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2016 Oxford Film Festival Wrap-Up

During a recent conversation at the 2016 Oxford Film Festival (which ran February 17-21 in Oxford, MS) I was chatting with someone about how many years I’d been coming to the festival. I know I showed my doc Worst in Show there in 2011 and after that, I tended to switch off attending with my then editor Mark Bell of the now defunct Film Threat so maybe this was my fourth Oxford Film Fest? I honestly can’t remember and the point of all this is that, it doesn’t really matter. What does matter is that each and every year the Oxford Film Festival steps it up just a little bit and as a result, it truly gets better each time. This year had some big changes which I’ll get to later but here’s my week in a nutshell. (Delicious food and fun parties redacted to seem more professional. But both were awesome!)

I arrived a bit early this year as last year, I felt like I got in too late and left too early. Plus, this is my favorite regional film festival and I have many friends in and around Oxford and Memphis (which is the airport you fly into) so a little more time in my beloved south is never a bad thing. Plus I had a very cool opportunity to speak to a class on filmmaking at Ole Miss which was something I’m keen to do as I’m looking to start teaching at a university in the fall. So, I got in late Tuesday night and hit the sack in order to seem prepared for a 9:00 am class.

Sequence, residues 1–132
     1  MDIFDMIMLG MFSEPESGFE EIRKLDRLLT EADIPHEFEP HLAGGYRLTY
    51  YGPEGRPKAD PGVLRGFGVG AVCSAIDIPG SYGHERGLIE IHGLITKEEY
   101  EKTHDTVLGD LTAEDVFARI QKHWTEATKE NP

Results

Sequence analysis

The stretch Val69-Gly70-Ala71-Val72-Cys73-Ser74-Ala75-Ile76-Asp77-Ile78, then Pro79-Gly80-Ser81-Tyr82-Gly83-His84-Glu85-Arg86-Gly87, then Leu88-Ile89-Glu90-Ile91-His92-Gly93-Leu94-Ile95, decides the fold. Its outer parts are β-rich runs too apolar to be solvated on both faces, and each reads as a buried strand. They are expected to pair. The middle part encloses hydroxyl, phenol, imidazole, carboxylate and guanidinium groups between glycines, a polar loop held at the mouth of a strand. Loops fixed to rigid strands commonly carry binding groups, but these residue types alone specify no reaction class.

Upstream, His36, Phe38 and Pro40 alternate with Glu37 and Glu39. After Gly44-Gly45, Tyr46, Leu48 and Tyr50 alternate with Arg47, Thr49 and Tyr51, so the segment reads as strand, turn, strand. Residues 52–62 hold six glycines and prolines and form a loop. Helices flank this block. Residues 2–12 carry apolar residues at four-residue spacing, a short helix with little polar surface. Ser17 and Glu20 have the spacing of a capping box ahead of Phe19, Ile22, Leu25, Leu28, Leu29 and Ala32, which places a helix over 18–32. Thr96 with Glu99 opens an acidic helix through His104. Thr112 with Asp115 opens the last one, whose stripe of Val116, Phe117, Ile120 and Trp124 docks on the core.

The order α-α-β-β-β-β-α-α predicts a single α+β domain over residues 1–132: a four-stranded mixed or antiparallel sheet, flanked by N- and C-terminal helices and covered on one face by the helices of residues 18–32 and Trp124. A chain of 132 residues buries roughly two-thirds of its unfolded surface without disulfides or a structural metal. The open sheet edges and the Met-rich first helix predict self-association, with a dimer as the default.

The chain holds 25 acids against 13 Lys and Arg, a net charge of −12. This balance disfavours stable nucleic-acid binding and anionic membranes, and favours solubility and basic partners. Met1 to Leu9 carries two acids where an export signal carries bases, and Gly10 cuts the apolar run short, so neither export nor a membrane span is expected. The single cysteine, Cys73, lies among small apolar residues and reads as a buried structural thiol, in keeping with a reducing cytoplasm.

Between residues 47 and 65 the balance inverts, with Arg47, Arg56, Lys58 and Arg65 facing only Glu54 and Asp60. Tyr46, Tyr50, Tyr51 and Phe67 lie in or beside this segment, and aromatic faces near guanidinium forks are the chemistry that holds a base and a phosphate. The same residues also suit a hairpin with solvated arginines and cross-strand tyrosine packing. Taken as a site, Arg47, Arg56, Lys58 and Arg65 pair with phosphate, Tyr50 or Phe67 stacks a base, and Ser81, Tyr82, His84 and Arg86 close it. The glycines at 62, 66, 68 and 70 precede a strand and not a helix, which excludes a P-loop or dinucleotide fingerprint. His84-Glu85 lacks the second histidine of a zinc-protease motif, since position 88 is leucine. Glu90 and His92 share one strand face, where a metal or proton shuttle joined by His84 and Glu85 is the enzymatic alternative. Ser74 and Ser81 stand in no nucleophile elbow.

Although I’ve spent a lot of time in Oxford, I’ve never had the opportunity to check out the Ole Miss campus. While my peek was indeed quick this time around the campus had a great old-time feel with giant, classic university buildings. The class I was speaking to was an advanced filmmaking class and it only had 12 students which I think is pretty cool. Their assignment that semester was to make one “longer” short film or two “short” short films so I used my time there to talk to them about what they should consider doing after completing their short film. I told them all the usual ideas about how you’re probably never going to make a dime off your short but it can be used as a calling card to get you into film festivals where you begin networking and building up a reputation. One in which you’re known as a nice and talented person, not a pushy, arrogant asshole. I thought it went well.

Oxford Film Festival Executive Director Melanie Addington